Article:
Iron-deficiency Anemia (IDA) is a kind of anemia caused by low levels of iron. Anemia is when there’s decreased erythrocyte or red blood cells or hemoglobin in one’s system. These components have a significant role in our body. When this is lacking technically, our body would not be able to get the sufficient oxygen that it needs resulting in the malfunction of our body systems.
- A common kind of anemia
- Iron is the one our body uses to produce hemoglobin
- A low level of iron can cause insufficient oxygen
- Signs are not clear at first; the same goes with its symptoms, but eventually, they will become clear
- CBC helps detect if there is an abnormality in our blood
- These are the people who most likely will have IDA
- Childbearing-age women due to heavy menstrual flow or pregnancy
- People with digestive problems
- Treatments are as follows:
- A diet that contains sufficient iron
- Iron supplements
Pathophysiology of IDA or Iron Deficiency Anemia
Erythrocytes (RBC or Red Blood Cells) carry out the oxygen in our body and eliminate carbon dioxide through our hemoglobin.
Hemoglobin, a component in our blood, is a protein that carries iron. Through iron, our body can have enough production of hemoglobin; 70% of our body’s iron can be found in hemoglobin. Facilitating the transfer of oxygen and carbon dioxide throughout our body is one of its functions.
Low levels of iron can result in less production of hemoglobin. It means that there is insufficient oxygen in our bodies.
There are many things to consider why a person has Iron Deficiency Anemia; one of these is insufficient iron intake through diet. This is most common for pregnant women as their body requires an increased demand for the fetus. Next is, absorption problem. People who had intestinal surgery, gastric bypass, celiac disease, and small intestine removal absorb most of the hemoglobin. They are most likely to suffer from IDA; lastly, people who experienced blood loss, menstruation, GI Bleeding, ulcers, and hemorrhoids.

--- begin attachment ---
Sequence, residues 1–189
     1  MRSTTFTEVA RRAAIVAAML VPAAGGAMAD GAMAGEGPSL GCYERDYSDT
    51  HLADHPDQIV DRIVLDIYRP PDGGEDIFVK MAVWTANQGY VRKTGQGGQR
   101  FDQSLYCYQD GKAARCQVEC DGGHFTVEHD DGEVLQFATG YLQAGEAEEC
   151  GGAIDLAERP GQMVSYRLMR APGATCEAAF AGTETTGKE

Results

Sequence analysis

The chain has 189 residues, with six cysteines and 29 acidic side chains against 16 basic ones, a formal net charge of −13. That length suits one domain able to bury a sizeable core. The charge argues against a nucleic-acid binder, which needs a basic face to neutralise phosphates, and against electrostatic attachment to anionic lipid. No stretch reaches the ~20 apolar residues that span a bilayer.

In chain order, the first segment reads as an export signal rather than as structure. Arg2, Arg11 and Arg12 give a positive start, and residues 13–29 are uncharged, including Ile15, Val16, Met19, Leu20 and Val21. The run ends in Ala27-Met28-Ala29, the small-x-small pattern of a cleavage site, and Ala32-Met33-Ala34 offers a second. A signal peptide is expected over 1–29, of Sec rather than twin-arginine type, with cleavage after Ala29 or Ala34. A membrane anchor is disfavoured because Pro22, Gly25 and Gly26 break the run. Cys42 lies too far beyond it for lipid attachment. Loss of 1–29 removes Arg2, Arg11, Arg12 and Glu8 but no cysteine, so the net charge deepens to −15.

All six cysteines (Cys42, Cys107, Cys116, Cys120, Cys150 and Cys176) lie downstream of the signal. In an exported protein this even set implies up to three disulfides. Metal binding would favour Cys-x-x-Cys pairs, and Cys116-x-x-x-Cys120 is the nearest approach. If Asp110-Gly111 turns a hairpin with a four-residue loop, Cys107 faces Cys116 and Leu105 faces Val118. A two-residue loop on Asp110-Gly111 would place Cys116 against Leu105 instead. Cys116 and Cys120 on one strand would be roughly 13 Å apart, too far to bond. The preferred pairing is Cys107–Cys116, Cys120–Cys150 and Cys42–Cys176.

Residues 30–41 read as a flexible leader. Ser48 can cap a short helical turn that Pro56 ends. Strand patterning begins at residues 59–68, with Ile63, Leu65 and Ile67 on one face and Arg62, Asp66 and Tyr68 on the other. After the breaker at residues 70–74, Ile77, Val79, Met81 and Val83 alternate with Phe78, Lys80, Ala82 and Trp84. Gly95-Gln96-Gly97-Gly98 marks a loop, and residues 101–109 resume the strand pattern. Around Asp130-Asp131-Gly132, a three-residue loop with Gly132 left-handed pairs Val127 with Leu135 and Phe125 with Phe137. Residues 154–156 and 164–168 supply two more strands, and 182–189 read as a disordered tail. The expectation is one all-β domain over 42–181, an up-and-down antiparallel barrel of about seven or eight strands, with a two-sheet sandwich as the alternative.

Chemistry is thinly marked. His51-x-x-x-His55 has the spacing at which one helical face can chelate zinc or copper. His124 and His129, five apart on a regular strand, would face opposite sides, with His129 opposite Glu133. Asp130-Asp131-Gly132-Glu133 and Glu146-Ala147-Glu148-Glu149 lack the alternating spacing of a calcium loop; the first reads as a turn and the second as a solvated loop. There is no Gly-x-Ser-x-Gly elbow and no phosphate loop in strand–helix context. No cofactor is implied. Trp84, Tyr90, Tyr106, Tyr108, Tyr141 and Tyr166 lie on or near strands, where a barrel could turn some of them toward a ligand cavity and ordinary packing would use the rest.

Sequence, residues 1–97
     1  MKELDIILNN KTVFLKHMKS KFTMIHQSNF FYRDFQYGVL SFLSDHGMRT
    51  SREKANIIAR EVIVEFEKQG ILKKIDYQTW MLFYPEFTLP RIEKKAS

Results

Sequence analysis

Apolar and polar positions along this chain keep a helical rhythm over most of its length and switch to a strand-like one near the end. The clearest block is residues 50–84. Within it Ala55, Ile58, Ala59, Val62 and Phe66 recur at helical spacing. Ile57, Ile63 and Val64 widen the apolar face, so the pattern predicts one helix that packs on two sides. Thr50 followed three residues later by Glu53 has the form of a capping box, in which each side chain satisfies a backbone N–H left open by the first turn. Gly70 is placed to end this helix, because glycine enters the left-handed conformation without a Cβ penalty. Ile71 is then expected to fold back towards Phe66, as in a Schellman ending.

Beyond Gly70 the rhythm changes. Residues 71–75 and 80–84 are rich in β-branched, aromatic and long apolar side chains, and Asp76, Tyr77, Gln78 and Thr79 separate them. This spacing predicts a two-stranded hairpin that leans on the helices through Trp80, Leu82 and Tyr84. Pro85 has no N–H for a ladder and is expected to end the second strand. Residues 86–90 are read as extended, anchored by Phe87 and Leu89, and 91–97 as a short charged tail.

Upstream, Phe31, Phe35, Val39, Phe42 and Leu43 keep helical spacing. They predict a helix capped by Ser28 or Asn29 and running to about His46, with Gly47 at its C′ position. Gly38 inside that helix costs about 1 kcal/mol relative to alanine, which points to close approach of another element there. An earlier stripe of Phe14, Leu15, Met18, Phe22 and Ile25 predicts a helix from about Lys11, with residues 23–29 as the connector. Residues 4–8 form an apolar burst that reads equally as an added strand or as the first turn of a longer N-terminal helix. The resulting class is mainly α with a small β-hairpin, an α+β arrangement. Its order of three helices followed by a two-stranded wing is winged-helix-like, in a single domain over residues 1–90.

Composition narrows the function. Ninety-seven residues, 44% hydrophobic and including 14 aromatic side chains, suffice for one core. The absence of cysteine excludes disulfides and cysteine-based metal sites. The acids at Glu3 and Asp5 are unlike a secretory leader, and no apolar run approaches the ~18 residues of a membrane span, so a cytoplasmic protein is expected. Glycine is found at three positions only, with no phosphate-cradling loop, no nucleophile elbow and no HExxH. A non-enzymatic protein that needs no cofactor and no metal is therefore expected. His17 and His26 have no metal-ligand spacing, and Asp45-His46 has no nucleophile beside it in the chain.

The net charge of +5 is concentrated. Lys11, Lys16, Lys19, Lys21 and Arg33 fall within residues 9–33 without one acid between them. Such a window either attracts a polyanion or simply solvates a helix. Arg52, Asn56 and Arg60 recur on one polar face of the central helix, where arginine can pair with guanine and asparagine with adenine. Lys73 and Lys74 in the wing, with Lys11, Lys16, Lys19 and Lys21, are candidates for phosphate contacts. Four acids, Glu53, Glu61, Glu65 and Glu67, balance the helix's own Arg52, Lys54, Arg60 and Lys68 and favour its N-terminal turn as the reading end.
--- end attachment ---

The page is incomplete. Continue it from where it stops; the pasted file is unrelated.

Indicator of Iron-Deficiency Anemia
We will be using the code: Low-Iron
- Overexerted easily
- Weird food cravings or White-faced (pale)
- Inflammation of the tongue (lack of oxygen) or Increased heart rate
- Reduced hemoglobin level
- Observe changes in Red Blood Cells
- Nail changes or Neuro change
Nurses must be monitoring and educating patients, and regulating medications. They should also monitor the patients for bleeding and hemoglobin level, assessing the diet and the menstrual cycles. They must also educate people on how to take Iron supplements. These are as follows:
- Take iron with an empty stomach, as it increases absorption
- Take with vitamin C
- Wait two hours before taking dairy products, calcium, and antacids
- The stool turns black
- For liquid preparations: Mix in a fluid, drink with a straw
As you take this supplement, you may experience constipation.
Eating natural foods will help you maintain a good level of iron, and this is the list of foods that we must take. Remember the mnemonics: EAT LOTS OF IRON
- Egg yolk
- Legumes and Leafy vegetables
- Sardines, Seeds
- Iron-fortified bread and cereals
- Raisins, Red meat